14. and how I kept rising in Judaism above many. I was the foremost of my generation, being ever more a fanatic for the traditions of my fathers.
15. When it pleased [God], the one who separated me from my mother’s womb, who has called me by his grace,
16. to reveal his son in me, so that I might proclaim**** him among the nations, I did not immediately consult myself with flesh and blood.
17. Nor did I go up to Jerusalem before the apostles, but instead I went to Arabia and then again returned to Damascus.
18. After three years, I went up to Jerusalem to visit Cephas. I stayed with him fifteen days.
19. I did not see any of the other apostles except James *****, the Lord’s brother.
20. Look, I write these things to you before God. I do not lie.
21. Then I went to the regions of Syria and Cilicia.
22. But my face was unknown to the Judean churches in Christ.
23. Yet they kept hearing about the person who before was persecuting us and is now proclaiming the faith he once ravaged.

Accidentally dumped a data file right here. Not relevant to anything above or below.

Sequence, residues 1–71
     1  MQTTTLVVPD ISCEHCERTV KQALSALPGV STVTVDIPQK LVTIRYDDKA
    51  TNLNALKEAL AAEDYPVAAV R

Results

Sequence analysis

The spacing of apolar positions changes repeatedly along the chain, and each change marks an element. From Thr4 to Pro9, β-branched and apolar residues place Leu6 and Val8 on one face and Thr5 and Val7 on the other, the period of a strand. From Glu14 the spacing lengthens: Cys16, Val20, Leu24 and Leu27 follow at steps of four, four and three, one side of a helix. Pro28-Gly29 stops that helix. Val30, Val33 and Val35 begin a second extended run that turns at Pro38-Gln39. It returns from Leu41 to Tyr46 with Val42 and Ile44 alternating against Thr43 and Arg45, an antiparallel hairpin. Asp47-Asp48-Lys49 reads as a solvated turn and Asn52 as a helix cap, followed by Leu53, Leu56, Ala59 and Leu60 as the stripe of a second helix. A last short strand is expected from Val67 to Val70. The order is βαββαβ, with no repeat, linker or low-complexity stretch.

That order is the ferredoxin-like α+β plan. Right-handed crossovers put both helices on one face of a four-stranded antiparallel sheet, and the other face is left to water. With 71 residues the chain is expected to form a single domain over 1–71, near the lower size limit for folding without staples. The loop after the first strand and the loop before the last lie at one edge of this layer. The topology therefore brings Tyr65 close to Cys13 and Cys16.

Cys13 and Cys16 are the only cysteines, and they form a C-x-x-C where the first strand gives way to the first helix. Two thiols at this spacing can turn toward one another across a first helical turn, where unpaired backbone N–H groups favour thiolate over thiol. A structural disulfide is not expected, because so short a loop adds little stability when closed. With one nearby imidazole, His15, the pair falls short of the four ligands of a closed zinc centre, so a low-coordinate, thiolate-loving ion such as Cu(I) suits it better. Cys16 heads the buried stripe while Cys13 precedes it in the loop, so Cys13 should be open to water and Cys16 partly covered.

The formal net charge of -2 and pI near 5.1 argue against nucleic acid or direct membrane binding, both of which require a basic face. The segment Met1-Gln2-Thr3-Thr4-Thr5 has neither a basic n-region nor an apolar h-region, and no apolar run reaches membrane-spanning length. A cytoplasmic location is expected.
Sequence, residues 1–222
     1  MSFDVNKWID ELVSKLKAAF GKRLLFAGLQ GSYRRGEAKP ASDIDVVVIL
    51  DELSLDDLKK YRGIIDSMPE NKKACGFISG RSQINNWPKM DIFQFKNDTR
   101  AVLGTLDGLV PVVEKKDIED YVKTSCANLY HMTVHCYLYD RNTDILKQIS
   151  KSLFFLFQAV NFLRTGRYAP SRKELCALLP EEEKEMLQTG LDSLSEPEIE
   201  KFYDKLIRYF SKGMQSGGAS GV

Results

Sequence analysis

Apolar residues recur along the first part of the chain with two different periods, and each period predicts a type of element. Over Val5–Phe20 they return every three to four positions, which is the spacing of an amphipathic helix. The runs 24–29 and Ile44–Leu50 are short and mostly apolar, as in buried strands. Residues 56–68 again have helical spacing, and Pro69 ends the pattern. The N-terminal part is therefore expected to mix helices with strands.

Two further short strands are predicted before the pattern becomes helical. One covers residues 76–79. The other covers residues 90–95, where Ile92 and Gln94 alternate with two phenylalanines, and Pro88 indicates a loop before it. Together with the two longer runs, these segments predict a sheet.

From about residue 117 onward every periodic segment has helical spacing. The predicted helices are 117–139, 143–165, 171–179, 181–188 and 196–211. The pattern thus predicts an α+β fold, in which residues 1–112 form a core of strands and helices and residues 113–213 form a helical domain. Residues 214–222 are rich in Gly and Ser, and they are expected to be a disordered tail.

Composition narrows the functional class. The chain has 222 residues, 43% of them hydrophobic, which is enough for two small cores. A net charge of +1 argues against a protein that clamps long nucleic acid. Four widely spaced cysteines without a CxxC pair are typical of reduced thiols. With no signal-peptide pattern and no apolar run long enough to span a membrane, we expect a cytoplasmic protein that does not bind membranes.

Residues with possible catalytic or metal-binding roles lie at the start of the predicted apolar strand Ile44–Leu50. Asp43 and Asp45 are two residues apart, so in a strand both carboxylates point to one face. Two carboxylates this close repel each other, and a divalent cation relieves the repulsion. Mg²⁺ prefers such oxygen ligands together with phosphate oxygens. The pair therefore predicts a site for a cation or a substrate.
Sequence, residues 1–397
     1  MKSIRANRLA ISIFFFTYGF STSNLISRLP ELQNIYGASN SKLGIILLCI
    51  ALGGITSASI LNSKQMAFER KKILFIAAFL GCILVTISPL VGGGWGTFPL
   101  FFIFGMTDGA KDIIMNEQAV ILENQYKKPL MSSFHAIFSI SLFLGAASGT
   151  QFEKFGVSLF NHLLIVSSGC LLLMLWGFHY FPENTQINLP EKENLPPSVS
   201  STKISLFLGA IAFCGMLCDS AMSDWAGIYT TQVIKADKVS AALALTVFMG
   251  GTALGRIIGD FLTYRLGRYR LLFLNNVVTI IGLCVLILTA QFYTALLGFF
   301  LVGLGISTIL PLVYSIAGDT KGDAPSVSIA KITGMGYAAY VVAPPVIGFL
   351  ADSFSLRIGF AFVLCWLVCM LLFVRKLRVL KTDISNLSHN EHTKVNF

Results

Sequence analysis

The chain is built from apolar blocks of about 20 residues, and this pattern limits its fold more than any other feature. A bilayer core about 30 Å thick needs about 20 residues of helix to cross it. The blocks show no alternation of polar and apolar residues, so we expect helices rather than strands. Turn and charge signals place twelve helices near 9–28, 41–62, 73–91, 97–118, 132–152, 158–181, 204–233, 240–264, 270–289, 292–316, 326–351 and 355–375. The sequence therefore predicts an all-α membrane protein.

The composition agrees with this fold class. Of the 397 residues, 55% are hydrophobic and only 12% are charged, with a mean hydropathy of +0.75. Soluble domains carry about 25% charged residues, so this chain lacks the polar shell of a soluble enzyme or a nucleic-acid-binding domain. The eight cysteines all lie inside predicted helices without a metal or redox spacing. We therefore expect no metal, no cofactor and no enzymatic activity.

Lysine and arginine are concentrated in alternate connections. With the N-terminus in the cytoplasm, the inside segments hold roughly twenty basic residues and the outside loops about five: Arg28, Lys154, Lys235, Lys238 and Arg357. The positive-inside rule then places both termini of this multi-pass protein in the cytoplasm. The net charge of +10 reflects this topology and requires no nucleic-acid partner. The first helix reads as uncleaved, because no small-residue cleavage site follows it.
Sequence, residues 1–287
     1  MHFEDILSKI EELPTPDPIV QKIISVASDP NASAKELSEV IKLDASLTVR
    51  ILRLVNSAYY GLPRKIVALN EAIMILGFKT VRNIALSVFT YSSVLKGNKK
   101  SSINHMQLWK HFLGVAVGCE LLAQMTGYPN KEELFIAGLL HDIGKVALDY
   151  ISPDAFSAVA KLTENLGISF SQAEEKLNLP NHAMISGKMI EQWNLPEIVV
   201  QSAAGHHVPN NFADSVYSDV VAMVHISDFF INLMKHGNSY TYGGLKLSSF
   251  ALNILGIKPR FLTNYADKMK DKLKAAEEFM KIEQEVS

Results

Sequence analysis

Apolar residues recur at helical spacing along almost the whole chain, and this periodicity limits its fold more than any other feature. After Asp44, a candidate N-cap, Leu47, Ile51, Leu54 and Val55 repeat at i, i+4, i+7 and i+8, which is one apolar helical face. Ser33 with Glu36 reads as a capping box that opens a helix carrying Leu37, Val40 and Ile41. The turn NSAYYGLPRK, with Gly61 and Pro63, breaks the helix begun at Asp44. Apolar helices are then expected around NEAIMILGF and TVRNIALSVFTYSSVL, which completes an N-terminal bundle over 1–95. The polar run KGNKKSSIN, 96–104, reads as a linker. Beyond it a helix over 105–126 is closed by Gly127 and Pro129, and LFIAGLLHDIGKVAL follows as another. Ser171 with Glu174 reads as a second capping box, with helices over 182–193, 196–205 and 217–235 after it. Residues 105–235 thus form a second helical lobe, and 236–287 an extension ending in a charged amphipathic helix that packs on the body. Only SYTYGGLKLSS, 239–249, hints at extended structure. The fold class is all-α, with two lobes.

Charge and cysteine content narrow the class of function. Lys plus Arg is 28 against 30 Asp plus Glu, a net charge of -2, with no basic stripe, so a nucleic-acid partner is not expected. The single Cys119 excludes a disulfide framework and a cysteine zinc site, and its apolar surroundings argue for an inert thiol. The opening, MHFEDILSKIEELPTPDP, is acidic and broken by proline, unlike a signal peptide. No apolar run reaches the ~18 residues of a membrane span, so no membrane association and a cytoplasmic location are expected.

24. They were glorifying God because of me.
*the term here is, of course, ekklesia, which is usually rendered as church. However, the word means gatherings, so this text would more naturally read ‘to those who assemble together in Galatia’
**anathema usually is rendered as cursed or be accursed. It is a complicated idea that carries with it religious overtones. Something anathematized was destroyed, but the destruction was understood as a kind of spiritual obligation to the Lord. I have chosen to us the transliteration here rather than a rendering, because the word has found its way into the English lexicon all by itself. It doesn’t really need translating.
***I inserted the ‘as’ in this passage – ‘Jesus as Messiah’ to emphasize the importance Paul keeps placing on Jesus by calling him Messiah and also to smooth out the language. Throughout I use ‘Messiah’ instead of ‘Christ’ because we tend to think of Christ as Jesus’ last name rather than title. Most renderings would say “revelation of Jesus Christ.” My rendering emphasizes the nature of the revelation, that it wasn’t only a revelation of Jesus, but a revelation of him as Messiah. I think that is what Paul is getting at.